–Why Robert J. Samuelson wants to cut Social Security, Medicare and Medicaid. Monday, Mar 7 2011 

The debt hawks are to economics as the creationists are to biology. Those, who do not understand Monetary Sovereignty, do not understand economics. If you understand the following, simple statement, you are ahead of most economists, politicians and media writers in America: Our government, being Monetarily Sovereign, has the unlimited ability to create the dollars to pay its bills.

Robert J. Samuelson is a weekly columnist for The Washington Post, writing on political, economic and social issues. His column usually appears on Wednesdays. Add his name to the long list of economics writers who are ignorant of Monetary Sovereignty, the basis of all modern economics.

In a March 7, 2011 column titled, “Why Social Security is Welfare,” he makes the following comments:

Recall that Social Security, Medicare and Medicaid, the main programs for the elderly, exceed 40 percent of federal spending. Exempting them from cuts – as polls indicate many Americans prefer – would ordain massive deficits, huge tax increases or draconian reductions in other programs. That’s a disastrous formula for the future.

Yes, Robert, not cutting Social Security, Medicare and Medicaid would “ordain” (?) deficits. However, because the U.S. now is Monetarily Sovereign, there is zero connection between deficits and taxes. For your benefit, Robert, I’ll say again what you as an economics writer already should know: “Federal taxes do not pay for federal spending.”

And so far as those draconian reductions in other programs, why do you believe a nation with the unlimited ability to create dollars, needs to cut spending, when inflation is nowhere in sight?

Here is how I define a welfare program: First, it taxes one group to support another group. . .

Robert, now repeat after me until you get it: “Federal taxes do not pay for federal spending.” State taxes do pay for state spending, and city taxes do pay for city spending. The states and cities are not Monetarily Sovereign. But, federal taxes do not pay for federal spending. In fact, FICA could be eliminated, and this would not reduce by even one penny, the federal government’s ability to support this program – even were benefits doubled.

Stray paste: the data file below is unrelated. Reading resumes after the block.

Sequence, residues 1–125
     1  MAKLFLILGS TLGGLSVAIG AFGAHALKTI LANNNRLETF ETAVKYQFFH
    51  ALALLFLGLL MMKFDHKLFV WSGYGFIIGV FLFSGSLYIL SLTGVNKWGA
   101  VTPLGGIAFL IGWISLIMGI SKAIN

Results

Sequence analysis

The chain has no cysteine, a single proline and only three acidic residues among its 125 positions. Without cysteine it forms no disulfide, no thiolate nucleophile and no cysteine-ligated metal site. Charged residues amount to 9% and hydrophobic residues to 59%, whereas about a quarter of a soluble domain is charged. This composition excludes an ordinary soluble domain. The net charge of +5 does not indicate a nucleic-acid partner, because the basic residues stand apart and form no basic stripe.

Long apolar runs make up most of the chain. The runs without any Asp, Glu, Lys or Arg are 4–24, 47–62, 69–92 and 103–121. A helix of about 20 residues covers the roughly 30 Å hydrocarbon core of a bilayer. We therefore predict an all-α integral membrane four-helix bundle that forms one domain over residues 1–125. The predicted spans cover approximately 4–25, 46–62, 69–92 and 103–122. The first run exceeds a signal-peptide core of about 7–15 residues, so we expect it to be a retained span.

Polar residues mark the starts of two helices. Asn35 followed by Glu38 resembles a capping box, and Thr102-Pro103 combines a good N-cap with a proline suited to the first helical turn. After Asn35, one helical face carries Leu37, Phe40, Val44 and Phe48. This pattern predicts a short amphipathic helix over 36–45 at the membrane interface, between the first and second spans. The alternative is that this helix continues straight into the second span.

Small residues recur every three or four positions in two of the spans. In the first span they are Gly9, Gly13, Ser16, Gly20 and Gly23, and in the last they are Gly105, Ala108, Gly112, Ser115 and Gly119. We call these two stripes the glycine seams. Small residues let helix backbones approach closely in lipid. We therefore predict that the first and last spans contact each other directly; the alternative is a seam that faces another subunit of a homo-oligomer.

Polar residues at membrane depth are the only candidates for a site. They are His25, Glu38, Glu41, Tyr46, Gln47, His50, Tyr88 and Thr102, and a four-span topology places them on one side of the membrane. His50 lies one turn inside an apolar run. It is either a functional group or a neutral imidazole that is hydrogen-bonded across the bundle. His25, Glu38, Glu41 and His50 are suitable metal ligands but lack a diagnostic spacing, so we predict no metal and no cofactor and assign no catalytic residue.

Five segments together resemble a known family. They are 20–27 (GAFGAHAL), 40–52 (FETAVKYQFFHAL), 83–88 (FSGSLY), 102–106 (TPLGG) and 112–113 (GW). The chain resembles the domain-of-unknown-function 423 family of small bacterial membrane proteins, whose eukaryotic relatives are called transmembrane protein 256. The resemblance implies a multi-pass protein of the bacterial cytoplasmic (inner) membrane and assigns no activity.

Since the 1940s, Social Security has been a pay-as-you-go program. Most benefits are paid by payroll taxes on today’s workers.

Things have changed markedly since the 1940’s, and Robert has not kept up with the changes. In August, 1971, one of the biggest economic changes in our lives occurred. We became Monetarily Sovereign. At that instant, Social Security ceased being a “pay-as-you-go” program, because FICA no longer supported benefits. In a Monetarily Sovereign nation, tax dollars are destroyed upon receipt. They do not, and cannot, support federal spending.

Think about it, Robert. Why would a government with the unlimited ability to create dollars, need to use taxes to pay for anything? It makes absolutely no sense. Sadly, Robert still lives in a gold-standard (aka “flat-earth”) world.

Annual benefits already exceed payroll taxes. The gap will grow.

Yep, the difference between FICA collections and benefits will grow. More net money will be created. This will stimulate economic growth. So what is the problem?

No doubt people would be outraged (by benefit cuts). Having been misled, they’d feel cheated. They paid their taxes, why can’t they get all their promised benefits? But the alternative is much worse: imposing all the burdens on younger taxpayers and cuts in other government programs. Shared sacrifice is meaningless if it excludes older Americans.